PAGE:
Signature Spider Facts
- The commonly used term Signature Spider serves as the common name for any arachnid in the genus Angiope. Currently, scientists recognize 75 members of this impressive genus. That may change, however, as new species become recognized.
- That attention-grabbing common name comes from the four unique zigzag patterns individuals create in the center of the web. Scientists applied the term stabilimentum to these patterns. Many researchers believe these designs serve several purposes.
- These supposed purposes include attracting insects and warning larger creatures of the presence of the web. That would make sense, from a practical standpoint, since the majority of the web typically remains practically invisible to the eye.
- The colorful arachnid also evolved very specific, and highly effective, behavioral patterns. The legs usually get held together in pairs while the spider sits stationary in the web. Therefore, most prey does not recognize the creature as a spider.
- For the moment, most of the various forms of Signature Spider seem to be maintaining large and stable populations. The IUCN, therefore, presently does not list many of them on its Red List. Many, though, no doubt face the ongoing threat of climate change.
Signature Spider Physical Description
Perhaps most notably, the various species of Signature Spider exist in a wide range of sizes and appearances. The various types also exhibit sexual dimorphism in the same manner. That’s due to the fact that each of them display this trait in terms of sheer physical size.
As part of this characteristic, females typically reach several times the size of the males. The females of a few of the largest species, furthermore, attain an impressive leg span of as much as 4 in (10 cm) across. Males, meanwhile, rarely exceed 1 in (2.5 cm) across.
The great majority of the different types of Signature Spider present basically the same color pattern, however. This color scheme consists of a predominantly yellow body, with black legs. The eight legs also grow long and powerful, relative to its body size.
- Kingdom: Animalia
- Phylum: Arthropoda
- Class: Arachnida
- Oder: Araneae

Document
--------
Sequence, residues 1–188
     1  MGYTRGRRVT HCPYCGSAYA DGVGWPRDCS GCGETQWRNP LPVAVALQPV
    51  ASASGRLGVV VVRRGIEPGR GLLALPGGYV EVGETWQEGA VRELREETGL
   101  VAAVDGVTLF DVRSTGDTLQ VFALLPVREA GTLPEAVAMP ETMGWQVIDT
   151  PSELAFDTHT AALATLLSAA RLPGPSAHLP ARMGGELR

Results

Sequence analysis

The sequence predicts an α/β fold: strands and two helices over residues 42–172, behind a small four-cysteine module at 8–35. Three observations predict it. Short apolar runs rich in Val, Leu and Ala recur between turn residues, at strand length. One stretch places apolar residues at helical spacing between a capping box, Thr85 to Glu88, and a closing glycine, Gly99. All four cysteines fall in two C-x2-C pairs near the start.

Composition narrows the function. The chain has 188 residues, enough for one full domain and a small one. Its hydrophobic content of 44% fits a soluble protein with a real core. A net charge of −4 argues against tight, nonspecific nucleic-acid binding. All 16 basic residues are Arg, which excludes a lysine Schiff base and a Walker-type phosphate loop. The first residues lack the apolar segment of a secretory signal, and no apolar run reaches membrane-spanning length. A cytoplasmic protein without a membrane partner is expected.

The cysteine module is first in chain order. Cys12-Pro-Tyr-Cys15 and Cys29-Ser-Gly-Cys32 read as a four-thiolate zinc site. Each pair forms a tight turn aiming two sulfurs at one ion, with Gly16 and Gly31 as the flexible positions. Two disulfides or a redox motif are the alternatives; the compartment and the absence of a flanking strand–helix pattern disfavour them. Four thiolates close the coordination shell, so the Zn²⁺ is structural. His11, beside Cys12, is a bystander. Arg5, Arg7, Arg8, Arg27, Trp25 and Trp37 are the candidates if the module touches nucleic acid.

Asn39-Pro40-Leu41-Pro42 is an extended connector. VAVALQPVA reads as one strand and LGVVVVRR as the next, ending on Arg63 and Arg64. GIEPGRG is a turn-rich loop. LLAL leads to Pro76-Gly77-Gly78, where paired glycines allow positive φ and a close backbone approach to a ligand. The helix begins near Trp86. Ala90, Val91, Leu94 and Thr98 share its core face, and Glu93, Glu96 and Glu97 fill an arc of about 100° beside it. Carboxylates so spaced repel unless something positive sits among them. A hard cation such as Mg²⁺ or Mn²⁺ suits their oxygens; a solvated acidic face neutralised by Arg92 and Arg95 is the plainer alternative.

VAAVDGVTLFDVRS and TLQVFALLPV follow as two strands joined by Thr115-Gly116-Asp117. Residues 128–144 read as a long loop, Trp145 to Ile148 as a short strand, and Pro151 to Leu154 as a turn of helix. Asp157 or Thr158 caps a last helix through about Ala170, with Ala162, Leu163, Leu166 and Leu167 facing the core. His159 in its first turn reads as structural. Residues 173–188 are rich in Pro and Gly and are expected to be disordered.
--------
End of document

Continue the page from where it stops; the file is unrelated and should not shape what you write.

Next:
- Family: Araneidae
- Genus: Argiope
Signature Spider Distribution, Habitat, and Ecology
It must be noted and appreciated, first of all, that the remarkable Signature Spider has an extraordinarily wide distribution. That’s because the various species in the genus inhabit nearly every part of the globe. The sole exception to this range consists of Antarctica.
The differing species, therefore, thrive in significantly differing habitats. These include such regions as jungles in the tropical regions, to forests, gardens, and even private yards, in temperate regions. But, most species occur in temperate and tropical climates.
The majority of the different species of Signature Spider also construct their webs roughly 3 ft (1 m) above the ground. Most forms and individuals prefer regions of dense foliage since this also typically means the presence of large numbers of small flying insects.
Though all of them typically prey on very small insects, most remain capable of killing an insect twice their own size. A few of the larger species can also deliver a rather painful bite to a human being. The toxins, though, generally pose no threat to human life.
The pain of the bite, though, occurs simply due to the sheer size of the fangs of the arachnid. This is true because most have absolutely no venom at all. The cause of any pain felt remains consistent even for those few species in the genus that do possess toxins, however.
That’s because the venom of these creatures remains harmless to humans, except for those with relevant allergies or health issues. Finally, the relative toxicity and effectiveness of the venom roughly equals that of the sting of a bee. They’re large but harmless.